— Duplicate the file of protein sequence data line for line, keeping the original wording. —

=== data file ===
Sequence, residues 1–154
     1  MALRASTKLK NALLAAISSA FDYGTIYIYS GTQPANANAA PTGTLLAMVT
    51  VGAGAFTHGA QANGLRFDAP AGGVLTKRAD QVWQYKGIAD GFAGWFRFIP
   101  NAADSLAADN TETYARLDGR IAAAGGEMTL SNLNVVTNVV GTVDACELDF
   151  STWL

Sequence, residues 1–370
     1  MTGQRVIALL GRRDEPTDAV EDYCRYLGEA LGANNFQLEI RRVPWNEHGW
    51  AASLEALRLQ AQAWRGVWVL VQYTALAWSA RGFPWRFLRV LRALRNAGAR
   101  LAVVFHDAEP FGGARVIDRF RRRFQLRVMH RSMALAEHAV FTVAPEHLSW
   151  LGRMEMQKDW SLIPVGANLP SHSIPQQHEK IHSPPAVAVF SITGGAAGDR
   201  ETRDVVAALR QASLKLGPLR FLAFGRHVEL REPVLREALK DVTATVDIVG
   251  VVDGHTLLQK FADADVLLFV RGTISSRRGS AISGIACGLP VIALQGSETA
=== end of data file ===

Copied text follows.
Sequence, residues 1–154
     1  MALRASTKLK NALLAAISSA FDYGTIYIYS GTQPANANAA PTGTLLAMVT
    51  VGAGAFTHGA QANGLRFDAP AGGVLTKRAD QVWQYKGIAD GFAGWFRFIP
   101  NAADSLAADN TETYARLDGR IAAAGGEMTL SNLNVVTNVV GTVDACELDF
   151  STWL

Sequence, residues 1–370
     1  MTGQRVIALL GRRDEPTDAV EDYCRYLGEA LGANNFQLEI RRVPWNEHGW
    51  AASLEALRLQ AQAWRGVWVL VQYTALAWSA RGFPWRFLRV LRALRNAGAR
   101  LAVVFHDAEP FGGARVIDRF RRRFQLRVMH RSMALAEHAV FTVAPEHLSW
   151  LGRMEMQKDW SLIPVGANLP SHSIPQQHEK IHSPPAVAVF SITGGAAGDR
   201  ETRDVVAALR QASLKLGPLR FLAFGRHVEL REPVLREALK DVTATVDIVG
   251  VVDGHTLLQK FADADVLLFV RGTISSRRGS AISGIACGLP VIALQGSETA